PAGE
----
More hiring departments are turning to video interviews as a way to manage their time and get a better sense for a candidate than a simple phone interview can provide. Applications like FaceTime, Skype, and Google+ Hangouts make video interviews free and easy, and the ability to interview from the comfort of your home makes them convenient – but don’t let yourself get too casual!
A video interview can make you look confident, polished, and poised – or it can make you look unprepared and unprofessional.
You’ve fine-tuned your resume, polished your cover letter, and learned as much as you can about the organization. Now take the time to prepare yourself for your closeup and ace this virtual interview.
1. Test out the connection beforehand
Verify ahead of time which software you’ll be using for the call – Skype, FaceTime, Google+ Hangouts, etc. – then spend some time familiarizing yourself with it. Call a friend to test out the connection using the device and headset you’ll use in the interview. Make sure you have all the kinks worked out before you’re face-to-face with the interviewer, and you can focus entirely on the interview itself.
2. Close all other computer programs
Shut down any program on your computer that might use up bandwidth or make noise during the call. This will help your video chat software run better, and also remove the temptation for you to tab over to check email during the call. Make your setup distraction-free!
3. Dress appropriately
Sure, you’re interviewing from your living room, but you still need to look as professional as you would in an in-person interview. Go for solid colors over loud patterns, which can play weirdly on the screen, and keep your jewelry simple. Check yourself out in the camera ahead of time – do your earrings shimmy like crazy every time you shake your head? Is the pattern on your tie causing visual feedback?
Even though you’ll probably only be seen from the shoulders up, don’t give into the temptation to wear sweats on the bottom. You may have to get up to adjust something. If you’re in doubt, check out the organization’s website or Facebook page to see how employees dress in photos.
4. Silence is golden
Make sure your interview space is quiet, which means locking the dog out of the office, closing your window if you’re on a noisy street, and keeping your kids from tearing through the background. A headset with a microphone can help cut down on exterior noise – but make sure to test it first.
5. Set the stage
What will your interviewer see behind you during the call? Clear away last night’s wine glasses, take down that awesome Metallica poster, and make sure the kitty litter box and drying laundry are out of the frame. Set a stage for yourself, with a bookshelf, nice art, or houseplants that tell a story about you, and help fill out your personality. If you were going to have a portrait painted, what would be in it?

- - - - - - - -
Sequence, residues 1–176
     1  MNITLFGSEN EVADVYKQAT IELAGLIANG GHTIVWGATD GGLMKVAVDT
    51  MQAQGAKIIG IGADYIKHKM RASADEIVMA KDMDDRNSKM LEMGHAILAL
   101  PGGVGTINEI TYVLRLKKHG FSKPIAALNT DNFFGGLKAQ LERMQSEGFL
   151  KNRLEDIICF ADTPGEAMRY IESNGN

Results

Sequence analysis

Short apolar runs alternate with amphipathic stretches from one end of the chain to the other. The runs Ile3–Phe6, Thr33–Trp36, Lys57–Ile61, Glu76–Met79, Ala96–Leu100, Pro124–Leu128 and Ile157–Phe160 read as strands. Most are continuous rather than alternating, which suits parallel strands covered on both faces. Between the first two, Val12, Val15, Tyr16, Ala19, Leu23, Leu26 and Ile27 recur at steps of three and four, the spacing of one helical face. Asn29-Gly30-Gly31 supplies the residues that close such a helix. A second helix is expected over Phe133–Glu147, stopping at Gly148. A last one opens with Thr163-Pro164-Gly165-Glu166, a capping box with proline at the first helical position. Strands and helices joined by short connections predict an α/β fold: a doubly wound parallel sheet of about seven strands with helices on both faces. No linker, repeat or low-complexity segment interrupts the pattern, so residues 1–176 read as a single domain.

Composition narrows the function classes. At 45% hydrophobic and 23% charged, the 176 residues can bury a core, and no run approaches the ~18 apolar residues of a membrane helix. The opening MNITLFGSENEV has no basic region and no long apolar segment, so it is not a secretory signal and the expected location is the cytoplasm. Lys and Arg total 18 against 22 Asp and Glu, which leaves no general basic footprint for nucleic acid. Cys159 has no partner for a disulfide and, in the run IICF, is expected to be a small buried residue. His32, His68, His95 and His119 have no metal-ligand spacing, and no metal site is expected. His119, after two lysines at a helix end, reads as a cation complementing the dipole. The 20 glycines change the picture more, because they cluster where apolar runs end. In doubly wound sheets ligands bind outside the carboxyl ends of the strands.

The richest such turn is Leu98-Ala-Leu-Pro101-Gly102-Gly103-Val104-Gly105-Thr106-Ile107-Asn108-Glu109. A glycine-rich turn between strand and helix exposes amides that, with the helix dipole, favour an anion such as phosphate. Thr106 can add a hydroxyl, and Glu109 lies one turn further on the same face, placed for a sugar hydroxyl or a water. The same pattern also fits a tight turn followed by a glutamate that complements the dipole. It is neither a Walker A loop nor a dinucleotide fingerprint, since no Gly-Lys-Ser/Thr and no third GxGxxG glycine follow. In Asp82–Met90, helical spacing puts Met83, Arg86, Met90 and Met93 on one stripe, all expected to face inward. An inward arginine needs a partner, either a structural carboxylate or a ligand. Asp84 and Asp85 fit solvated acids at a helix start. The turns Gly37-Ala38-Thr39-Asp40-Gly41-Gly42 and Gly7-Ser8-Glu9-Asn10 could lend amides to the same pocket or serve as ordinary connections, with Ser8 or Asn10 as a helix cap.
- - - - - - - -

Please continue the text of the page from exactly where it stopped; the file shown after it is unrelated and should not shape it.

Video feeds can look very unflattering in certain lights, so take a few minutes to make sure there aren’t any weird shadows creating scary monster effects across your face. Your face should be well lit, with the light should be positioned in front of you but not directly on you. Multiple sources of diffused light are a good bet, like lamps, or daylight filtered through a curtain. Don’t set yourself up in front of a bright background, like a window, or your face will be in the dark.
7. Look at the camera
The hardest part of video conferencing for me is keeping myself from staring at my own image. It’s so awkward and distracting! Try to make eye contact with the camera, as though you’re looking into the other person’s eyes. One of the best ways to do that is to move the window with your interviewer in it towards the top of the screen – that way when you’re looking in their image’s eyes, at least your gaze is near the camera.
8. Don’t fidget
Swiveling can be incredibly distracting in real life, but in a video interview it’ll be the only thing your interviewer will see of you. Same with bouncing, tapping, and other forms of fidgeting. Remember that every gesture you do is magnified through the screen, and try to hold still throughout the interview.
9. It’s OK to say if it’s your first time!
If this is your first video interview, don’t hesitate to say so up front. Not everyone is comfortable onscreen, but if you’ve done your best to set the stage, check your equipment, and prepare for the content of the interview itself, most interviewers will be understanding, and might even cut you some slack.
Have you ever done a video interview? How did it go? Tell us in the comments.